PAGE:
Turquoise Summers continues the modern-funk tradition
In 2009, Los Angeles based interplanetary funk doctor, Dam-Funk dropped his debut album, Toeachizown, a monumental five-LP boxed set on Stones Throw Records. Since its release, the genre known as modern funk has steadily picked up steam and rapidly become a worldwide movement. By using vintage analog synthesizers and drum machines, modern funk pays homage to the boogie sound from the early ’80s but is continuing where the funk left off and gliding into the future with a fresh and renewed outlook. In the past few years, a handful of small, do-it-yourself labels have trail-blazed new directions in contemporary funk music. Among these is Omega Supreme Records, a flawlessly curated imprint based in Portland, Oregon. The label is currently fourteen releases deep, including noteworthy projects from modern-funk mainstays: Turquoise Summers, Stockholm’s Sasac, Bus Crates 16-Bit Ensemble from Pittsburgh’s East Liberty Quarters, K-MAXX of San Francisco’s Sweater Funk crew, and Atlanta’s Moon B.
Omega Supreme’s sound is silky and sophisticated, defined by uncut G-funk bass lines, melodic synthesized chords, soulful vocals, on-point handclaps, and hypnotic drum machine rhythms. “There is a certain essence that our artists are picking up from the early 1980s, while also carving out new directions with the same tools,” James Vance aka GWIZSKI, the label’s founder and creative director, explains over the phone. “We want the music to speak for itself. Either you’re down or you’re not.” Omega Supreme is a limited-release label, he further elaborates, “We put out only 500 records and 100 cassettes for each release. Once they’re gone, they’re gone. There is no repress. If you own one of our records, you are part of a special family that feels the same way we do about the funk.” He continues, “Our mission is to archive the funk onto wax, so the sound can be enjoyed by DJs, mixtapes, and dance floors.”
Omega Supreme was started in the summer of 2012, when James Vance stumbled upon Turquoise Summers’s (born Phillip Riddick) SoundCloud page. He noticed that Dam-Funk had posted a comment on one of the tracks. “I didn’t know they were cousins at the time,” Vance clarifies. “I reached out to Phillip and he shot me his number. We shared the same taste in music and had a similar vision. People were sleeping on his tracks, and I wanted to press them up and make them more widely available.” Vance used the profits from DJing a weekly boogie party at Swift Lounge in Northeast Portland to fund Riddick’s first 12-inch release, a West Coast vocoder classic entitled Never Can Get Enuff. Turquoise Summers has since become the cornerstone of Omega Supreme’s diverse roster and an important player in funk music’s recent revival.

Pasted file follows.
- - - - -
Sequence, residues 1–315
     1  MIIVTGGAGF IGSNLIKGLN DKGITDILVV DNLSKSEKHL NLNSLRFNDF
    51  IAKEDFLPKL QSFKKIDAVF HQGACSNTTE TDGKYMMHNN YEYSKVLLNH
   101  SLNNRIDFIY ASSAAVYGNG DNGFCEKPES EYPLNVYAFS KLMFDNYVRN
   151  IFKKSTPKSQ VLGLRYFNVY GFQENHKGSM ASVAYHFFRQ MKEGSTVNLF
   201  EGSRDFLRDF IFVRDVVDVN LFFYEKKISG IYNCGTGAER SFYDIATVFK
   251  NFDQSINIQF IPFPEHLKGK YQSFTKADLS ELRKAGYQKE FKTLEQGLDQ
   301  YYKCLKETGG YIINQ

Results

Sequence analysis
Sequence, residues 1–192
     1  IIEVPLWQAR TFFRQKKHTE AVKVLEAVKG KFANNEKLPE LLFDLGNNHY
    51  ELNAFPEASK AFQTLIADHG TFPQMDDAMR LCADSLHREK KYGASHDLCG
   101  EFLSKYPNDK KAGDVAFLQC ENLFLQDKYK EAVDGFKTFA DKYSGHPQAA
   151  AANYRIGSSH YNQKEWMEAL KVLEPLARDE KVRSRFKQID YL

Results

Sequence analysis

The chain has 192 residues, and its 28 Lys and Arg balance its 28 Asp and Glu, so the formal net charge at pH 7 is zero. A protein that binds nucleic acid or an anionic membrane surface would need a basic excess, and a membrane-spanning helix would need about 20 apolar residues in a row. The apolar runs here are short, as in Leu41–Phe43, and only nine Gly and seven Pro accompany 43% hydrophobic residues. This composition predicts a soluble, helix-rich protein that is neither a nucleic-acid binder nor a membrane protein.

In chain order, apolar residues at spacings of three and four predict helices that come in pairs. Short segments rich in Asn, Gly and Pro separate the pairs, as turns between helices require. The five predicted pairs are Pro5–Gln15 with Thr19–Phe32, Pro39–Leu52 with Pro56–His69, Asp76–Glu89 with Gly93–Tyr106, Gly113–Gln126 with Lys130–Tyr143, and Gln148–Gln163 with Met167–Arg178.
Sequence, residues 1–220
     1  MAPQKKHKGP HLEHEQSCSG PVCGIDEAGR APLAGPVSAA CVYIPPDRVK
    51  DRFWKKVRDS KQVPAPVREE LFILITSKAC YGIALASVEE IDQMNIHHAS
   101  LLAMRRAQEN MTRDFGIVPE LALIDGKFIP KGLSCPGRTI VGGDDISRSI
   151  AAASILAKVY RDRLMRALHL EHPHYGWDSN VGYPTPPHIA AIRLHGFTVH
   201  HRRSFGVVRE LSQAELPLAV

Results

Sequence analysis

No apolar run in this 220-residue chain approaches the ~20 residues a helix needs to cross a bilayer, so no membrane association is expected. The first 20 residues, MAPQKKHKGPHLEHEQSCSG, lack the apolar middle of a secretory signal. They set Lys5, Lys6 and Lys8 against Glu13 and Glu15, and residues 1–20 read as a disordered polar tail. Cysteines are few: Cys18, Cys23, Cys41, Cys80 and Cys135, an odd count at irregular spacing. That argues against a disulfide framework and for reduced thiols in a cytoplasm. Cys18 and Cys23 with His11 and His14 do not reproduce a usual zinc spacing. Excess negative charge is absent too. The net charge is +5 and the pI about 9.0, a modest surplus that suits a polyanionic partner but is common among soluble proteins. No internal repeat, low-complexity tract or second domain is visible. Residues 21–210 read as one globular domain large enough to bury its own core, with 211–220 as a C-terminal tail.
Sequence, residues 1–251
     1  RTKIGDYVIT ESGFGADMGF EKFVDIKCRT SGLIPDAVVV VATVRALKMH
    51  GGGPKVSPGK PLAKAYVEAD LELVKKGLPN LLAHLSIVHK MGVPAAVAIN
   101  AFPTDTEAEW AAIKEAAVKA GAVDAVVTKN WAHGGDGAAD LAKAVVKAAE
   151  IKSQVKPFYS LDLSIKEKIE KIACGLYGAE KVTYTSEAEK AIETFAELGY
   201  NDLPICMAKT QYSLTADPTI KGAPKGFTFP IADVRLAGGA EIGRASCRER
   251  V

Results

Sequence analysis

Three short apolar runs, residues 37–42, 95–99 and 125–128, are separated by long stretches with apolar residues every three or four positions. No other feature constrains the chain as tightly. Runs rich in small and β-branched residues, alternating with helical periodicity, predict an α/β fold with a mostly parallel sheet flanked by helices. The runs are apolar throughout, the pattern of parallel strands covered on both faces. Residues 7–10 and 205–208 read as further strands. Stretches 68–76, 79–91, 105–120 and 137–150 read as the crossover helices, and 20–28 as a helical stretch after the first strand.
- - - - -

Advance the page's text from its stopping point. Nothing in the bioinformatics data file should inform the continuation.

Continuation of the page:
In the Riddick family, musicianship runs deep. Over the phone, Phillip Riddick talks about his musical roots in a warm, laid-back L.A. manner: “My grandfather was an Army band master and conductor; he went to the Naval School of Music and knew how to read sheet music. All of his children played instruments, a lot of trombone and tuba. My mom was an avid trumpet player.” Both Damon (Dam-Funk) and Phillip (Turquoise Summers) followed in their senior family member’s musical footsteps, but rather than pursuing brass instruments, they were magnetically drawn to West Coast boogie, hip-hop and G-funk. Over the phone, his older cousin Dam-Funk proudly boats, “Turquoise Summers is a real talent to watch out for, and not because we share the same last name either. He has worked hard and proved himself. He’s developed his own vibe, groove, and identity. I’m excited to see what comes next.”
Thirty-year-old multi-instrumentalist and producer Turquoise Summers grew up in a predominately Black and Mexican neighborhood in sun-kissed Norwalk, California, about twenty minutes outside of Los Angeles. “I was a regular L.A. kid. I rode bikes, skateboarded, and played touch football. Norwalk wasn’t hood, but it wasn’t suburbs either.” His parents were fervent record collectors and played a lot of ’80s boogie and ’90s New Jack Swing (mostly Teddy Riley productions) in their home. “Oh man, my pops would jam Kleeer, Bobby Nunn, Atlantic Starr, B. B. & Q. Band, and Howard Johnson; Moms played a lot of Donald Byrd and Prince. P-Funk was the bridge for both of them, of course.” Over the phone, Riddick fondly reminisces, “I remember a dispute my folks had because my mother was buying West Coast G-funk cassettes and my father didn’t want us listening to gangster rap. I had to sneak it on the low. For me, it was all about The Chronic, Doggystyle, and Too Short’s In the Trunk.” These G-funk influences permeate Turquoise Summers’s music; his signature musical template features slowed- down tempos, deep bass, multilayered synths, and live instrumentation.